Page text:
Mission, sort of, accomplished
You won't hear anyone say "mission accomplished". That was the banner that hung behind George W Bush on an aircraft carrier as he declared the Iraq war won. Just before it spiralled into chaos.
But the message that the leaders want to go out from the Nato summit is that war is, nearly, over. For the West at any rate.
It hasn't been won but the mission is, sort of, accomplished.
That doesn't mean we are leaving Afghanistan in the lurch. Far from it. It is a difficult, nuanced, some would say contradictory, message.
One of the stories about war that has always haunted me is that of World War I soldiers fighting and dying as the clock ticked down to the war's end. The armistice agreement, signed six hours earlier, was the designated time when their political masters had decided the slaughter would stop.
I have been asking some of those involved whether the end in Afghanistan amounts to a prolonged version of much the same thing.
For the next two years British and American soldiers will be risking their lives for a war that we know will end in 2014, no matter what.
Has Nato masterfully spun an acceptance of defeat and subsequent retreat into something that looks a bit like victory?
The 1st Brigade, 1st Armored Division may bear the brunt of the final fighting. They will be among the last troops going over to Afghanistan, some time in the autumn.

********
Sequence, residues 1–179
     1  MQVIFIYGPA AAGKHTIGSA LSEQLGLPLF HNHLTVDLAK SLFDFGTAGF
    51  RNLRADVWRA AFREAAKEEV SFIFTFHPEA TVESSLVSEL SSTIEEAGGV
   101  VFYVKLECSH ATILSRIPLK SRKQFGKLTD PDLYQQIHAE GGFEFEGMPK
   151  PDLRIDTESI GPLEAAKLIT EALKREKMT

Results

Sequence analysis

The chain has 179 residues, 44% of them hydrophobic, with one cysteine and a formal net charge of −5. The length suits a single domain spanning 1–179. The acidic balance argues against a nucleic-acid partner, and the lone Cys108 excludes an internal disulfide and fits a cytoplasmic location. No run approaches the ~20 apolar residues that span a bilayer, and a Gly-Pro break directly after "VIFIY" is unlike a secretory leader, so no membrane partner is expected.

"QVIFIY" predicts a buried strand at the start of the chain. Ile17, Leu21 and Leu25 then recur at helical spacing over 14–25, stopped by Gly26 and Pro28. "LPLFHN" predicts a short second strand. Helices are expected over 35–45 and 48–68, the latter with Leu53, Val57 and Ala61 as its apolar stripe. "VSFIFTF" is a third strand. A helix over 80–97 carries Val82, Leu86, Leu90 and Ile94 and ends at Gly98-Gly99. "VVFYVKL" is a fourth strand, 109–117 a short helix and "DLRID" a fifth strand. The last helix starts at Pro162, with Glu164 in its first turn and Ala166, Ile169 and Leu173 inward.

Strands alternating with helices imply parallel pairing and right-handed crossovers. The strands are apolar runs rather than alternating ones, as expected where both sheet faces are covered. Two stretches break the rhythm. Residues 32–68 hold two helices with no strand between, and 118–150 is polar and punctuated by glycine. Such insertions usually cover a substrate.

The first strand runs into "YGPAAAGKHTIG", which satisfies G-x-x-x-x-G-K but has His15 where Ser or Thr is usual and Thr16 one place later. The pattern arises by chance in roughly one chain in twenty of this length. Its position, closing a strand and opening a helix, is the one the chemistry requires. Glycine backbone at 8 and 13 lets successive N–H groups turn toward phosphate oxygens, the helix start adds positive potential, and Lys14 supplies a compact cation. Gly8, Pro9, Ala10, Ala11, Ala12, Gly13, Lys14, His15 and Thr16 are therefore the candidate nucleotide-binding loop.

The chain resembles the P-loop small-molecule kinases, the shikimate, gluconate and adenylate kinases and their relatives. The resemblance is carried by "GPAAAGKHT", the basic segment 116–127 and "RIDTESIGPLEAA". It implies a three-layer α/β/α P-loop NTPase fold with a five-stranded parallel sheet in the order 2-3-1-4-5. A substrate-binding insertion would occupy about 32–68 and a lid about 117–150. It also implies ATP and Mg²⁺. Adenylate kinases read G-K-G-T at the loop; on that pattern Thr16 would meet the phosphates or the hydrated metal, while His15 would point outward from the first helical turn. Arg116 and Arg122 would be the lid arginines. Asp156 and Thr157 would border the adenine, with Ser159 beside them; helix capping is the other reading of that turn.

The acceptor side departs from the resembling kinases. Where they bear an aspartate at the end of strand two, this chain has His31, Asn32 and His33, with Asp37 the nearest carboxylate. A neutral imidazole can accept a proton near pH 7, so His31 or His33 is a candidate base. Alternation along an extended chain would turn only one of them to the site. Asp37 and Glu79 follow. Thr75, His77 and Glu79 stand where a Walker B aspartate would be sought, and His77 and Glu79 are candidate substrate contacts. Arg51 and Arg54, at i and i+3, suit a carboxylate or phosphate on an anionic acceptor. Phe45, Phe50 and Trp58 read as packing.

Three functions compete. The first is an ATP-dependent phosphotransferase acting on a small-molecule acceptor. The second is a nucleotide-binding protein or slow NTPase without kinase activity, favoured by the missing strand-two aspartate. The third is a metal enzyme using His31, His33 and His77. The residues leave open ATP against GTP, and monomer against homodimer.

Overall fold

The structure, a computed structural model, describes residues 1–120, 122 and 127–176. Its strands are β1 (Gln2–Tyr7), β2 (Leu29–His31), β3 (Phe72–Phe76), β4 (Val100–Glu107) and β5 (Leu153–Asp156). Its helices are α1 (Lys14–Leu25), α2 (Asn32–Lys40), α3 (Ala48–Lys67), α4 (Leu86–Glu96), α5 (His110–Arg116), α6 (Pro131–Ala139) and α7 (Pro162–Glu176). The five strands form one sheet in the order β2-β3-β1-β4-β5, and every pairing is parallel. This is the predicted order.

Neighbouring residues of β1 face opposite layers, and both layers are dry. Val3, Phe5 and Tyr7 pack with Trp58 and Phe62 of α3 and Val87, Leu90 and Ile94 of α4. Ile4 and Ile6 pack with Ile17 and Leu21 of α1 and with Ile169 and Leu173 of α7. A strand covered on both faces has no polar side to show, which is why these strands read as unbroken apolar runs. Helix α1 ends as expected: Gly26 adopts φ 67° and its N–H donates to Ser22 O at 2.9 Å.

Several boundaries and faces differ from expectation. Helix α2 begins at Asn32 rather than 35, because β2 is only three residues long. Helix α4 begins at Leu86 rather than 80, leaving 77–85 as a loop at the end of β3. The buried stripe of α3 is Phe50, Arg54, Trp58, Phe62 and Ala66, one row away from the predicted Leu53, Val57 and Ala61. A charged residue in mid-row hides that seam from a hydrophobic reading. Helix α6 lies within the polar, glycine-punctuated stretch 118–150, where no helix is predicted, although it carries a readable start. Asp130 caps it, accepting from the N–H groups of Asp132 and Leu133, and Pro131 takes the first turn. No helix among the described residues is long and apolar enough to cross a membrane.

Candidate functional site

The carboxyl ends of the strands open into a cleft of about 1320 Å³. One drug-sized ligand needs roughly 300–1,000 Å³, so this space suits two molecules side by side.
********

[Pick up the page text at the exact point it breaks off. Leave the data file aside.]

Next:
They have been training at Fort Bliss in Texas, practising operations in mocked-up Afghan villages, charging from helicopters but encountering people posing as innocent locals.
Some of them were surprisingly frank when they spoke to my colleagues about fighting at the fag end of a war and handing over control to others.
Here's a selection of quotes:
"It has pros and cons, it kind of sucks that it's the end, we may get stuck doing details and closing up, packing up to go home - but on the other side, we get closure. It's not like we're going to leave things half done.
"It's an interesting idea [transferring power to Afghans]. On paper I think it's a good idea to get everyone involved - everyone feels like they have a piece of solving the problem - but in reality, I think it'll probably be a mess."
"I do think they want to be 'there' and I think the effort is going to be there - my only concern is, is the government of Afghanistan gonna be there? With pay, with material, with equipment and that kind of thing."
"Instead of fighting the Taliban, now it's about bringing home as many people as we can.
"We're not fighting a conventional army like World War II or Korea, now we're fighting an ideal, so… you can't really destroy the ideas that we're fighting against so even once we leave it's going to be a conflict that continues."
So is this just about winding down a war that cannot be won?
President Obama's national security adviser, Ben Rhodes, told me: "You have to keep in mind what the core objective was when we went to war in the first place. It was to defeat al-Qaeda and deny them a safe haven. We've actually made tremendous progress towards that goal in the last two or three years.
"What we need to do now is make sure Afghanistan cannot re-emerge as a safe haven for al-Qaeda.